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not a math person, any hope?

lwilliams1922lwilliams1922 15 replies7 threads New Member
I have an 8th grader who scores around 570 for writing, 540 for CR. I think we'll be able to raise these nicely in the next 2-3 years.

My question is about math. She is not really a math person and as much as we work I don't know that she will ever score very well on the math portion.

We are now homeschooling to help her learn math areas she just missed previously.
She's bright but while she was in school she always had tutors but still never had a real grasp of the concepts. I am using a math program better suited to her learning style and see improvement but I don't see her going to calculus.

What will her chances look like if she sits between 450 and 500 in math, while having 600-700 in reading and writing?


It's too soon to say where she will want to go, but financial aid is a necessity.

thanks for any input
edited December 2008
2 replies
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Replies to: not a math person, any hope?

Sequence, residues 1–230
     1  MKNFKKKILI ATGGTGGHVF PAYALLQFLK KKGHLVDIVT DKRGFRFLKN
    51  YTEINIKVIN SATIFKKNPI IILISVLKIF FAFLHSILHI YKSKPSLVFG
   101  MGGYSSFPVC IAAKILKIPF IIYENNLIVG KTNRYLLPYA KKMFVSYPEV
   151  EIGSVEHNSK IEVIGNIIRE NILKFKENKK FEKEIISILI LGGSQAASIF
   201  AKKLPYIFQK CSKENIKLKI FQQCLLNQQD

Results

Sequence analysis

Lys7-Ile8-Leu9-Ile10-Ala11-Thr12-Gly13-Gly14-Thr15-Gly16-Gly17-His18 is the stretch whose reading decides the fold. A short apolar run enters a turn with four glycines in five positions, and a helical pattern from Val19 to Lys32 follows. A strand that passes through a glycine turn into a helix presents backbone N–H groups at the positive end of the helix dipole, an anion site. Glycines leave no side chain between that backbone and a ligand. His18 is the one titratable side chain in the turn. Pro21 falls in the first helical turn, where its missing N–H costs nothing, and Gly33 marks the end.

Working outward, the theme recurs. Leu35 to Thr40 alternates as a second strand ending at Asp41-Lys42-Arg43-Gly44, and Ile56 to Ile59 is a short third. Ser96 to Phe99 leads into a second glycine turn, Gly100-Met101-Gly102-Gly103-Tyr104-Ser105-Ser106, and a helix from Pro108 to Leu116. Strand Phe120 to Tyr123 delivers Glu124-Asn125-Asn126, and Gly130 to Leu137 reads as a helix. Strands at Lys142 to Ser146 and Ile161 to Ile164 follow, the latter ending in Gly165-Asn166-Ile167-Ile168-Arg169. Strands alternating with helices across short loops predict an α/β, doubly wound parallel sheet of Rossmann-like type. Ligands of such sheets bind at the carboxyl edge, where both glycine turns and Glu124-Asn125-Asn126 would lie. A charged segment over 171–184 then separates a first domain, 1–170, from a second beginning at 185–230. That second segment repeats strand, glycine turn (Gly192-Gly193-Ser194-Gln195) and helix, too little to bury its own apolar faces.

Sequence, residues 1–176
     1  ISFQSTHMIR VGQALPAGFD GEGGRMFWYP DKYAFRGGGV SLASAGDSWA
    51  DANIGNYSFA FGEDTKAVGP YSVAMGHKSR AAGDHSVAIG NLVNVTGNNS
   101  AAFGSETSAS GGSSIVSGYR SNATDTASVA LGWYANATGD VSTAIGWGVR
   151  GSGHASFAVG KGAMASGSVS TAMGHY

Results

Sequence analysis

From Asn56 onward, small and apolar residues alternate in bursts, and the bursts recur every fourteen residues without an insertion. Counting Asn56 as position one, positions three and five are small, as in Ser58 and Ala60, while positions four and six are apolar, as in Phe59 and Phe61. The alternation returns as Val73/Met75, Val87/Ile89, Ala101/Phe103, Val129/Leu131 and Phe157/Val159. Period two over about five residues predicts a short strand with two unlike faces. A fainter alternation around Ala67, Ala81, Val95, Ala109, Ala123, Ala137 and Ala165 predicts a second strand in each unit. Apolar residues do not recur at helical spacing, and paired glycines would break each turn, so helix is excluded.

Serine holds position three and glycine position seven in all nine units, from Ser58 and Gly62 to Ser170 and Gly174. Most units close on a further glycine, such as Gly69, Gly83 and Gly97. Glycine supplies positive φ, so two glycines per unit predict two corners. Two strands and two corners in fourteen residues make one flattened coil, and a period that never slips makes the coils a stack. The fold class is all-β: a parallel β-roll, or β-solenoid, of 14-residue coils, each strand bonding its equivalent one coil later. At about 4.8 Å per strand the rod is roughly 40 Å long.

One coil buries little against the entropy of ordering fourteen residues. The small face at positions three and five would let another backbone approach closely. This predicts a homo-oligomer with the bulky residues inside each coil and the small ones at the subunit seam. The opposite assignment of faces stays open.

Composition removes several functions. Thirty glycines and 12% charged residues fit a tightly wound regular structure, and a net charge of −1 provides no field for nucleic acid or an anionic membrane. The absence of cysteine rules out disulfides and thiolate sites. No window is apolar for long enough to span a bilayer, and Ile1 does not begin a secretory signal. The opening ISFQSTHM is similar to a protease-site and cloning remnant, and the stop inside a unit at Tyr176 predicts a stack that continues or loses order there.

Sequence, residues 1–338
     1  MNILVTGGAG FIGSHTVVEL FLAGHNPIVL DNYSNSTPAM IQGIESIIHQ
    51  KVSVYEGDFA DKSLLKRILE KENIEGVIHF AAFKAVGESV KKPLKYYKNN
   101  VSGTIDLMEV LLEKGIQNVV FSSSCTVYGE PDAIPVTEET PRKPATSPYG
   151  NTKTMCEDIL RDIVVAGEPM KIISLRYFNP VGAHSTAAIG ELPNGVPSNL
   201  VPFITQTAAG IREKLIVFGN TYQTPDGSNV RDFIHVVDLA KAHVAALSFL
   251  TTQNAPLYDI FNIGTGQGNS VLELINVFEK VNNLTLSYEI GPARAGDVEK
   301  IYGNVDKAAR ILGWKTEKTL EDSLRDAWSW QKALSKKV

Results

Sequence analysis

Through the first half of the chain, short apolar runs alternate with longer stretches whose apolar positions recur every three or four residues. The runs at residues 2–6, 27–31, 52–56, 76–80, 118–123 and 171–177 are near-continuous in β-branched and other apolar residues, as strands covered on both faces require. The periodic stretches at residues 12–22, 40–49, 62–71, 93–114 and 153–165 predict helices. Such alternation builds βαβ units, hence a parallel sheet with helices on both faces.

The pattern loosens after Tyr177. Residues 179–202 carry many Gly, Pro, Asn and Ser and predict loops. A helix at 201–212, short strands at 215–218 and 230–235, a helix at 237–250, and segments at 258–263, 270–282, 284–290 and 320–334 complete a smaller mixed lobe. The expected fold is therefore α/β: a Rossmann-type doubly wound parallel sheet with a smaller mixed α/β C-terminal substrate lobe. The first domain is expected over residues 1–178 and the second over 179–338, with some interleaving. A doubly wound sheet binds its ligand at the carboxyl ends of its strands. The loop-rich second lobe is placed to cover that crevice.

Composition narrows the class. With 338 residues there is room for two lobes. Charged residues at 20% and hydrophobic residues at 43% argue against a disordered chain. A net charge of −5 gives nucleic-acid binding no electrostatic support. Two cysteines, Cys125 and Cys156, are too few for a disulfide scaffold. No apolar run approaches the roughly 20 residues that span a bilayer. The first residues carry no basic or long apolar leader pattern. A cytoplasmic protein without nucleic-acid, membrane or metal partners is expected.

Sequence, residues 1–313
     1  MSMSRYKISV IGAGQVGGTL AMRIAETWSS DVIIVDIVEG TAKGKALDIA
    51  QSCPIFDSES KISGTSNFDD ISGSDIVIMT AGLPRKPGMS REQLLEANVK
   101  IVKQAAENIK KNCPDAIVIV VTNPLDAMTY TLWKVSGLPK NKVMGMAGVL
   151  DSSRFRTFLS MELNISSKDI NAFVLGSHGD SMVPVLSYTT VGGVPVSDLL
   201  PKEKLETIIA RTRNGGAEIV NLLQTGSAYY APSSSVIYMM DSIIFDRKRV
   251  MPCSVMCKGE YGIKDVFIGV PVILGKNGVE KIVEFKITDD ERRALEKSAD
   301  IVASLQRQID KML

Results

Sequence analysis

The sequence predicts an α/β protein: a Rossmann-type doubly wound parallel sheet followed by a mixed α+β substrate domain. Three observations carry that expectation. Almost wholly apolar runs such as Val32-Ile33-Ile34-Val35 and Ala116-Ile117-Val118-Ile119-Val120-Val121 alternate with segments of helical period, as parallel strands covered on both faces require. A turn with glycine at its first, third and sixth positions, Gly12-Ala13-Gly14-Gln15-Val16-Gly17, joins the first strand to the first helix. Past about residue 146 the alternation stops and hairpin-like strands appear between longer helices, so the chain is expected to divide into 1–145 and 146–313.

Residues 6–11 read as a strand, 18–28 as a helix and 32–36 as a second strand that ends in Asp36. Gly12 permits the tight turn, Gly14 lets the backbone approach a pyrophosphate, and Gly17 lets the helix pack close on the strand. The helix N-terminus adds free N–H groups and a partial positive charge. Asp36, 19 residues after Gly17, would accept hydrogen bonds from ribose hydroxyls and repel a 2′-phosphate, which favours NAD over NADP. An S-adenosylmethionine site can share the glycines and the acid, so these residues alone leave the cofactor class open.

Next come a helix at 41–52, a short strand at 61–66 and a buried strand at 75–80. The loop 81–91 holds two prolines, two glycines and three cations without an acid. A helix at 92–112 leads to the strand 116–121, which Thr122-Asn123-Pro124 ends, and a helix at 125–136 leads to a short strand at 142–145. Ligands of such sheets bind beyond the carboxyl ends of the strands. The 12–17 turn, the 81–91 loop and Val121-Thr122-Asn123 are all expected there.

• Kirkman001Kirkman001 24 replies5 threads New Member
    I have the same problem. I scored in the upper 600's in CR and Writing, but my math was not up to par. Mid 500-ish? Try the ACT. I took it just for the heck of it and got a 31 (out of 36). That kind of equals a 2000 or 2100, I think. There are more sections to balance out the bad math score.
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  • ZenbadabingZenbadabing 907 replies24 threads Member
    Grubers SAT guide is hands down the BEST math prep book in the market. The reading and writing portions are useless but the math is ridiculously comprehensive and incredibly easy to follow. It differs from other math books in the sense that it is beginners friendly(Meaning if you're daughter is literate and knows basic arithmetic she can't go wrong reading the book) and contains just enough practice questions for each lesson to help familiarize the user with the concepts- and not to mention that the explanations are very, very clear. But what I love most about the book is that for each type of math problem, Grubers provides different variations of the same problem and tells you exactly where each problem is located in the lesson. This builds confidence and allows the user to understand the problems beyond just the mere equations required to solve the problem, but really understand the conceptual parts that will allow her to solve any variation of that question in the future, no matter how obscurely worded. I used this book- and it worked wonders.
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